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Olaf Petersen on :

I'm afraid there's little to negotiate in Damascus. The USA and France are the major forces who kicked Syria out of Lebanon. Syria itself and the Lebanon rather belong to France' backyard but even more to Russia's. Russia is the big wheel turning behind Syria and Iran. Russia wants access to the energy markets of the greater middle east - as a seller of natural gas (and nuclear reactors, lol)! No surprise Moscow has friendly contacts to Hamas. Condoleezza Rice should talk with the Russians.

JW-Atlantic Review on :

Why is there little to negotiate with Damascus? You say that the US helped to make Syria leave Lebanon... That worked. Why not do more? Only some French politicians think that Syria and Lebanon are their backyard. I don't think Russia is such a big wheel behind Syria either. Anyway, what do you base your opinion on? What are your sources?

Olaf Petersen on :

Syria is a long time ally of Russia and has its army ~completely equipped with Russian technology. Russia had a an own mediterranean naval base in the port of Tartus. The Syrian ground forces look like a west-pocket issue of the previous West Group of Forces (SU) in the GDR. Militarily, Syria depends 100% on Russia. Remember, Syria was a safe haven of the Iraqi nomenklatura 2002/2003 and the boarder to Iraq is still one of the hot spots on the map. Syria and Iran are military allies, too.

JW-Atlantic Review on :

The Soviet Union and Syria used to be close. Russia? Does Syria get any new military stuff from Russia? Syria's economy is in a pretty bad shape. Russia is not helping much at all. So, why is there little to negotiate in Damascus? "the border to Iraq is still one of the hot spots on the map." That's another reason why Jim Baker has been negotiating with Syria. You make peace with your enemies not your friends. "Syria and Iran are military allies, too." Their alliance is not rock solid. Besides, their increasing cooperation is another reason for negotiations. And you try to weaken your enemies by driving them apart from each other. Isolating Syria just increases the Iranian-Syrian cooperation. The Atlantic Review wrote earlier: Germany's Foreign Minister Frank-Walter Steinmeier considers it crucial to involve Syria in any negotiations. (...) Germany is prepared to offer Syria economic incentives to woo the country away from Iran and seek a broader diplomatic solution to the Middle East crisis. Steinmeier said: [b]"Syria must decide for itself if the country wants to follow Iran down its path to self-destruction."[/b] [url][/url] So far, no break-through, but there are some positive indications, among others those mentioned by Volker Perthes at that Carnegie discussion (See the link in the last paragraph in this post). Okay, here is a quote: [quote="After a Bloody Summer: What’s New in the Middle East? - Carnegie Endowment for International Peace"]The third and most encouraging feature according to Perthes is that regional security is now being discussed much more sub-regionally. There is a move away from a comprehensive approach to regional security. This leads Syria, a close ally of Iran, to argue that if there is a prospect for peace, it does not want Iran at the negotiating table. Perthes argued that the three features he highlighted build a logical case for starting a new internationally-sponsored conference process bringing together Israel with the countries with which it does not have peace agreements, namely Lebanon, Palestine, and Syria. Focusing on Syria, Perthes asserted that it will undoubtedly accept a new state-to-state process because its regime and its national interests are at stake. Syrians are not in a winner position; they did not ask Hizbollah to trigger the Lebanon war. They must be uneasy about the rise of those non-state actors. It does not bode well for Syria’s authoritarian regime to have domestic support for the leader of a non-state actor such as Hassan Nasrallah. The Syrian regime also has a problem with jihadis within its borders. Finally, the regime’s poor performance over the past few years, in terms of delivering to its own population needs redress. Contrary to conventional wisdom, the Syrian regime’s ability to deliver on talks with Israel and regaining the Golan Heights would boost its popularity. Perthes concluded by arguing that Syria could be turned into a constructive player if it is presented with a real chance to regain its territorial integrity.[/quote] [url],zme[/url] What do you make of that?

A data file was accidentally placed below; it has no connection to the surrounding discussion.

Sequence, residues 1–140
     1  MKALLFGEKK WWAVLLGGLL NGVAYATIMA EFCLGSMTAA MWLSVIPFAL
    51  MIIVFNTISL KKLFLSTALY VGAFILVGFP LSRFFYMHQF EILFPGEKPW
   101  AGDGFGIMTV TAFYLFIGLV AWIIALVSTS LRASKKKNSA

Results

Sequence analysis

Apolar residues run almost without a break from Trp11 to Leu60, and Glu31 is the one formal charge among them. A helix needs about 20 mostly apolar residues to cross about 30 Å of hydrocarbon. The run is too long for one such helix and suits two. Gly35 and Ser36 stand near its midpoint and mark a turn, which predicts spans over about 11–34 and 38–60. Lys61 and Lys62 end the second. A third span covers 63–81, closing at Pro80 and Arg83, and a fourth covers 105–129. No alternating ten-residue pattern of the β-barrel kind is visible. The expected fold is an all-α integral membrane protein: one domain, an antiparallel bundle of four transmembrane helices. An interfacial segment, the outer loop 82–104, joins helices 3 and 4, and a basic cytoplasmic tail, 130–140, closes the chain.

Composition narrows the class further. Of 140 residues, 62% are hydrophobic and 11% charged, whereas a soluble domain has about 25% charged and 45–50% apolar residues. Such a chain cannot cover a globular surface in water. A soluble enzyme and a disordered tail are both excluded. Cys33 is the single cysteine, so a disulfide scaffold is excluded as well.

JW-Atlantic Review on :

The latest Foreign Affairs issue has an article "The Syrian Solution" by Volker Perthes: "Summary: Damascus did not commission Hezbollah's raid into Israel, but it did see the ensuing crisis as a chance to prove its importance. Western powers should realize that Syria is ready to be part of a regional solution -- as long as its own interests are recognized." A 500 words preview is available for free: [url][/url]